Today the U.S. Supreme Court made it more difficult for employers to defend lawsuits based on the Age Discrimination Employment Act (ADEA). In Meacham v. Knolls Atomic Power Laboratory, the Supreme Court ruled that the burden of proving that any termination having a disparate impact on older workers was based on reasonable factors, falls on employers.
From page one of the opinion:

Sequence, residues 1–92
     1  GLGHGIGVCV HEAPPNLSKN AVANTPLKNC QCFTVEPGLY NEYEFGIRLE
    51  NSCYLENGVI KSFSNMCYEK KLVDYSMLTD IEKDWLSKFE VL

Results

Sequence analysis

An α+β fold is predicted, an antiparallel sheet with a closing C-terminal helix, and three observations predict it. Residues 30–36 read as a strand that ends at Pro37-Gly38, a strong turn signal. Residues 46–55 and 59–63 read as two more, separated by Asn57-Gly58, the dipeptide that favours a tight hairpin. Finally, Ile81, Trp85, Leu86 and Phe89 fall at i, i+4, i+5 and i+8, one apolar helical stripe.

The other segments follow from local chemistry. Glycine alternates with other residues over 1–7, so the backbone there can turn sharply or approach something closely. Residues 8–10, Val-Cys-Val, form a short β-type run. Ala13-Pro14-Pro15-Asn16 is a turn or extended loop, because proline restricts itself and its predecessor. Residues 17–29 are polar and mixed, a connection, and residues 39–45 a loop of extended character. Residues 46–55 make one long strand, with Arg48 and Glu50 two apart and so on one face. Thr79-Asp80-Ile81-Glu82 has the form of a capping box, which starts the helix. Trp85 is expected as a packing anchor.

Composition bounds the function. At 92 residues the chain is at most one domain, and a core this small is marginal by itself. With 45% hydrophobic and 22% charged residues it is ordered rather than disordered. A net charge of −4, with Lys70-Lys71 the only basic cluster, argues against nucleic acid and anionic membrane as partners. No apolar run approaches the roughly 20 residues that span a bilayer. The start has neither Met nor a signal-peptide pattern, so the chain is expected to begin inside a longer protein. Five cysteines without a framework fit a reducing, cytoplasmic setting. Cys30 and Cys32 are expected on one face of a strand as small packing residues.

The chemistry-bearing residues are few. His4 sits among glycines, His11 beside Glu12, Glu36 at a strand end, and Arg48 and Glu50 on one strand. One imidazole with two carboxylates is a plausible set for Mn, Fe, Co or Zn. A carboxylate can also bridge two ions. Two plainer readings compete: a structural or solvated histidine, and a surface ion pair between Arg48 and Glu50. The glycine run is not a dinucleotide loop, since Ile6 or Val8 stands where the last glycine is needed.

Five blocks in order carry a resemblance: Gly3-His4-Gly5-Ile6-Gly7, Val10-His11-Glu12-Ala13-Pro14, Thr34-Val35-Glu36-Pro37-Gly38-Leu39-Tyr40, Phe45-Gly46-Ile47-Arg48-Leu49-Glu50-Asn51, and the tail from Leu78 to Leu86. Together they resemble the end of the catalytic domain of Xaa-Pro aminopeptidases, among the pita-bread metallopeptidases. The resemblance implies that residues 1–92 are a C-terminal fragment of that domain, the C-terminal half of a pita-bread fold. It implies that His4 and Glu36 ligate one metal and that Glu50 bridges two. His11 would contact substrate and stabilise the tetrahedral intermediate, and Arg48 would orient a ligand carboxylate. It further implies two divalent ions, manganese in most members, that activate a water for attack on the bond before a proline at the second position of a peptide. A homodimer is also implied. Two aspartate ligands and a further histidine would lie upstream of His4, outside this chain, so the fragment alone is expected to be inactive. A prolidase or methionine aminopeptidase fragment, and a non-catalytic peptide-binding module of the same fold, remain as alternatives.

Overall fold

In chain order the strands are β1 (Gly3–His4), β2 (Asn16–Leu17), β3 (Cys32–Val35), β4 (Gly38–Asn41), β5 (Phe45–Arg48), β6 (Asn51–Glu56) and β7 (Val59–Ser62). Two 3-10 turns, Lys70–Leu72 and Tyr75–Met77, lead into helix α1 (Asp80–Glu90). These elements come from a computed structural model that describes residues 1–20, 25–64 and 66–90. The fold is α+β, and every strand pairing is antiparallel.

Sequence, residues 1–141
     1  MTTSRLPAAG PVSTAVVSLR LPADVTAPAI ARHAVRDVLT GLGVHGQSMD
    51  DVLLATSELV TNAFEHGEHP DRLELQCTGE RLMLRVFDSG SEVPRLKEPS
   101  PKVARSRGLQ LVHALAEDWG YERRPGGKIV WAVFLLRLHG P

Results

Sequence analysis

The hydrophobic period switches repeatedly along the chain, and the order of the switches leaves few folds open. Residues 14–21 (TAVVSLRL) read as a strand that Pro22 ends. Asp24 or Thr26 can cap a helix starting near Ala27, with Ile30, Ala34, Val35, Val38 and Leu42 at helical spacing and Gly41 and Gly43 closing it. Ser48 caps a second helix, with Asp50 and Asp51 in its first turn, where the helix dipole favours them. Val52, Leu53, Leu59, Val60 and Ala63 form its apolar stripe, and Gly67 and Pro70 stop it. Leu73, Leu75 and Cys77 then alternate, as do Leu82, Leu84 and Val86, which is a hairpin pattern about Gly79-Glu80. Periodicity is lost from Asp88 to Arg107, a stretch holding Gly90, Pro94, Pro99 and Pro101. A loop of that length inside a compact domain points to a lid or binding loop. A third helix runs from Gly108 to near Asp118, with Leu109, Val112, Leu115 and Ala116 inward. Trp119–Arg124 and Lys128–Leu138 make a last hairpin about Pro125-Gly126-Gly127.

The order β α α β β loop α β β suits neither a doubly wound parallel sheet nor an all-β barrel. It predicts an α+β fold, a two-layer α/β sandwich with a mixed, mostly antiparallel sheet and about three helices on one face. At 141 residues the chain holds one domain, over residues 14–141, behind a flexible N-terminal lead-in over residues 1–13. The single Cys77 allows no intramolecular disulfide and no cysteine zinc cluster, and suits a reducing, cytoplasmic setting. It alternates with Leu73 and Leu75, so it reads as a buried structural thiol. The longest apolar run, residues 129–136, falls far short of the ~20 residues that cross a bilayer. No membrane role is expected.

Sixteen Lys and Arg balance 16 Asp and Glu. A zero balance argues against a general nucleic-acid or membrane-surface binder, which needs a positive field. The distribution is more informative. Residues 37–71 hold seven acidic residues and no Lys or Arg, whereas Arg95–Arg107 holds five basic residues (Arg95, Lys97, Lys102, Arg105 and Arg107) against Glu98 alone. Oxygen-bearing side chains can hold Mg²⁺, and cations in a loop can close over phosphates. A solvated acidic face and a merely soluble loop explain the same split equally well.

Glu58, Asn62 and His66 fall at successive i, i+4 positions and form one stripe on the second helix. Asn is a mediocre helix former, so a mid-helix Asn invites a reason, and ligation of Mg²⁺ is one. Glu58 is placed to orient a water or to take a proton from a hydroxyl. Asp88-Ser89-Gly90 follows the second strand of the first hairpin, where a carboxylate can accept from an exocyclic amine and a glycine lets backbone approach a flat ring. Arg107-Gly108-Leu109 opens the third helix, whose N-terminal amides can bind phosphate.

When the National Government ordered its contractor, respondent Knolls, to reduce its work force, Knolls had its managers score their subordinates on “performance,” “flexibility,” and “critical skills”; these scores, along with points for years of service, were used to determine who was laid off. Of the 31 employees let go, 30 were at least 40 years old. Petitioners (Meacham, for short) were among those laid off, and they filed this suit asserting, inter alia, a disparate-impact claim under the Age Discrimination in Employment Act of 1967 (ADEA), 29 U. S. C. §621 et seq. To show such an impact, Meacham relied on a statistical expert’s testimony that results so skewed according to age could rarely occur by chance; and that the scores for “flexibility” and “criticality,” over which managers had the most discretionary judgment, had the firmest statistical ties to the outcomes. The jury found for Meacham on the disparate-impact claim, and the Second Circuit initially affirmed. This Court vacated the judgment and remanded in light of its intervening decision in Smith v. City of Jackson, 544 U. S. 228. The Second Circuit then held for Knolls, finding its prior ruling untenable because it had applied a “business necessity” standard rather than a “reasonableness” test in assessing the employer’s reliance on factors other than age in the layoff decisions, and because Meacham had not carried the burden of persuasion as to the reasonableness of Knolls’s non-age factors.
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